THE BEST OF: The following article, published on February 5,2012, describes a newly published book, “How Information Matters”, by Professor Kathleen Hale of Auburn University and published by Georgetown University Press in 2011, which singles out NADCP as the best among non-profit organizations in Washington D.C.
Professor Hale’s analysis describes NADCP as the “Champion” Non-Profit Organization in its field. What does it have to do with reentry courts and court-based reentry systems. The answer is that it does and it doesn’t.
It describes the National Association of Drug Court Professionals (NADCP) as the best among extraordinary organizations; whose structure, initiatives, strategies, and planning define excellence in the non-profit world. And I cannot agree more. I was there at the beginning of drug courts, as a drug court judge, and am still laboring in the fields, working to fulfill a vision that began for me, as first chair and then founding president of NADCP. In the beginning, we created the “Ten Key Components” and Drug Court Mentor Sites, and planned NADCP’s projects, initiatives and strategies; so I know that my fellow drug court pioneers feel as proud as I am of our accomplishments.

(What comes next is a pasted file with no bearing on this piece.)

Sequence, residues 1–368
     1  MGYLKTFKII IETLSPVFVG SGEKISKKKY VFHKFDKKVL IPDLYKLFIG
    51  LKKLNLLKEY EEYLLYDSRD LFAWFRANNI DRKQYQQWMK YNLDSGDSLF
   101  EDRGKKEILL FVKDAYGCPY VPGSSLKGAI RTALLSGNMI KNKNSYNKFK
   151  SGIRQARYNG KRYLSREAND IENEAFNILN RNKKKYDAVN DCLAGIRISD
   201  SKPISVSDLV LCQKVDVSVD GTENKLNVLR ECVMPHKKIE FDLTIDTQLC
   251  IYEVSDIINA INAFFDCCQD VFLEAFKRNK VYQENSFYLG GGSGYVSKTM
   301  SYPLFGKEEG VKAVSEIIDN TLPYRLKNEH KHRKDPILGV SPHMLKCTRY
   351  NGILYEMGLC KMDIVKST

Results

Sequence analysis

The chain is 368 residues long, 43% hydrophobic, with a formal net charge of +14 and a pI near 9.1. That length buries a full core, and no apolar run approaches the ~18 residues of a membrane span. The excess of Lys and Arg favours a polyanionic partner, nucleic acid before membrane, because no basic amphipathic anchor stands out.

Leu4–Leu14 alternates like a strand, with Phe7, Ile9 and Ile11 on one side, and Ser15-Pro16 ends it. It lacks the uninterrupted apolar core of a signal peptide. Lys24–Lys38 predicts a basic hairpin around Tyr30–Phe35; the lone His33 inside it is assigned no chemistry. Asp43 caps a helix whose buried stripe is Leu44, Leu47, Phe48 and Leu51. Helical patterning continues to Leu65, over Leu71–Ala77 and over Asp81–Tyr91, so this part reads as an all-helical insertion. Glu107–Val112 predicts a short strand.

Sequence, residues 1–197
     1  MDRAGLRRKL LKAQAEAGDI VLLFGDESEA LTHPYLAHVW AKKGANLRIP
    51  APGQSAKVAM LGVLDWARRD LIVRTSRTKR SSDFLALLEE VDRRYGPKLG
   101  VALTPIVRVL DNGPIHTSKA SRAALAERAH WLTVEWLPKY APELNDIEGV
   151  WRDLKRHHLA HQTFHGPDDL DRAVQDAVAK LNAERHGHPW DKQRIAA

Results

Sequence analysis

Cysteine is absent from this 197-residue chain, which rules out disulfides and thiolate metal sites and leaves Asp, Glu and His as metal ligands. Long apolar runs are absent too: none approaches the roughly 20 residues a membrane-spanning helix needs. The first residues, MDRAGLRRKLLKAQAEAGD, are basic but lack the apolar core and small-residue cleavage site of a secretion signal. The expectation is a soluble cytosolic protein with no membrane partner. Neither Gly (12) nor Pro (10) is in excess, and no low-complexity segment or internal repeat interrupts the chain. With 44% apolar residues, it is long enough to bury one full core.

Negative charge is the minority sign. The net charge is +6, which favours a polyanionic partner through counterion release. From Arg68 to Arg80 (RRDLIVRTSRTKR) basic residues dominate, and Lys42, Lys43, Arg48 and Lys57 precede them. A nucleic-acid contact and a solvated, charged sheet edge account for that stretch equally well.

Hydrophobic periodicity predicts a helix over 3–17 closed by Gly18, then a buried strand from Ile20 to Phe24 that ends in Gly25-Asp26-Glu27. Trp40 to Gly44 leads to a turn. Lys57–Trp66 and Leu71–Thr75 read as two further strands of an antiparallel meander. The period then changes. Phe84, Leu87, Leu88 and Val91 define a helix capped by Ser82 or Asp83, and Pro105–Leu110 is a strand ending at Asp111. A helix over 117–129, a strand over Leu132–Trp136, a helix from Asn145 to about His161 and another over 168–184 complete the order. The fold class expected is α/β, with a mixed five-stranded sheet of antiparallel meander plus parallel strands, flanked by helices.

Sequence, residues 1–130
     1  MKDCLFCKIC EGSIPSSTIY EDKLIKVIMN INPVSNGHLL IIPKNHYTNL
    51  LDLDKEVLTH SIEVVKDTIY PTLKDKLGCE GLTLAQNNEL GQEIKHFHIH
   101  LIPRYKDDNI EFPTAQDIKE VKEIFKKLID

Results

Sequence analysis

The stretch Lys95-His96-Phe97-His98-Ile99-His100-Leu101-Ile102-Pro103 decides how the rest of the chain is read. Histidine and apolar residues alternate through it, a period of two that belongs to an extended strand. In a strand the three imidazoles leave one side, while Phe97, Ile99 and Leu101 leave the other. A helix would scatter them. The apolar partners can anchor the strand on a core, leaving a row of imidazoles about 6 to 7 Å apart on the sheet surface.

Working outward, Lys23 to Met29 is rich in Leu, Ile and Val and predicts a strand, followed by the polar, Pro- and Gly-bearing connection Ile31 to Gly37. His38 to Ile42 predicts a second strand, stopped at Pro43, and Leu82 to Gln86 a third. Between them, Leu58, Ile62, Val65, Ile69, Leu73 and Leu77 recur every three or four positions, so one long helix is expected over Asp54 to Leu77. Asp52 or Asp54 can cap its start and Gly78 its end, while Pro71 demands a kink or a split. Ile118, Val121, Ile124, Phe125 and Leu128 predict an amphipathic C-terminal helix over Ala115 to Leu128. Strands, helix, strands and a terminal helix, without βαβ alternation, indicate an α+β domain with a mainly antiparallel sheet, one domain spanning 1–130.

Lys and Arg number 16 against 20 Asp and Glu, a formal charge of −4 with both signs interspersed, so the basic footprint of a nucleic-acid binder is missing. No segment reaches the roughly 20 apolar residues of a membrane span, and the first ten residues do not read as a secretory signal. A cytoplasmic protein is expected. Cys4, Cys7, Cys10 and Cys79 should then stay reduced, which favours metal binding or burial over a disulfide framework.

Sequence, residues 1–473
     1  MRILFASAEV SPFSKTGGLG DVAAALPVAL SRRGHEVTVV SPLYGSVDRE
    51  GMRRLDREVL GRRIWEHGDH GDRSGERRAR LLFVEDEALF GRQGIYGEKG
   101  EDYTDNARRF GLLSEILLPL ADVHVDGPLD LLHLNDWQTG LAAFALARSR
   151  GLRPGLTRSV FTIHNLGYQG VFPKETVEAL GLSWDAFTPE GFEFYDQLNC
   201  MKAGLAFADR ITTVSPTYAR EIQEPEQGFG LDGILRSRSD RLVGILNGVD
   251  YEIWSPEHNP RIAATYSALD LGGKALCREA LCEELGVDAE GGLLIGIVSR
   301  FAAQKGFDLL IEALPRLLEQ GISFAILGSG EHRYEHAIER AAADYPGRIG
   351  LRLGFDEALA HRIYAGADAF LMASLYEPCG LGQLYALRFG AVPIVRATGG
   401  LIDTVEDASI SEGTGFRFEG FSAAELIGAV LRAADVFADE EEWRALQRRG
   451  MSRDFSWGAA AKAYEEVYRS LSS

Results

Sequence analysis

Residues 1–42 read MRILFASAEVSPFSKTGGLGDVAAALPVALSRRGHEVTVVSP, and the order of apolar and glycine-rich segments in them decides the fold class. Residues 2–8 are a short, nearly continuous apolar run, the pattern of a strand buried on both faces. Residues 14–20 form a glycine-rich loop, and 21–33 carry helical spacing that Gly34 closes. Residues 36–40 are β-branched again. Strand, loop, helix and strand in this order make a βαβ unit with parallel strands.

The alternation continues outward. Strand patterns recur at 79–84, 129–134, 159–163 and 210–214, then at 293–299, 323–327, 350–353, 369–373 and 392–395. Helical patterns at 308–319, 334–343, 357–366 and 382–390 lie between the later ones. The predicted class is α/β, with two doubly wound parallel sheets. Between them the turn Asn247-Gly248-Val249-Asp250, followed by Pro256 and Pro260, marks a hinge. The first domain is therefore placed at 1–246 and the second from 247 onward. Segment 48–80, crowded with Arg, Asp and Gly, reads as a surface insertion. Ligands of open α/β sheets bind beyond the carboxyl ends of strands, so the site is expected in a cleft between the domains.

And those who came after us have truly done a superb job, in expanding drug courts and its progeny, problem-solving courts across the nation and around the world. They have built amazing public support for our “Champion” that has translated into much needed funding, and created wonderful new programs such as Veteran’s Courts, which thankfully are there to assist our Veterans in their time of need.
For me, it’s difficult to accept that my quest, the establishment of court-based reentry systems, that can staunch the flow of lives into our prisons, and salvage those that return broken, remains out of reach. I for one, salute all who have worked on our great labor of love, NADCP. But I long for this book’s sequel, the one that shows how we captured the holly grail of criminal justice, and achieved true prison reform through a partnership of the three C’s; Community, Corrections, and the Courts.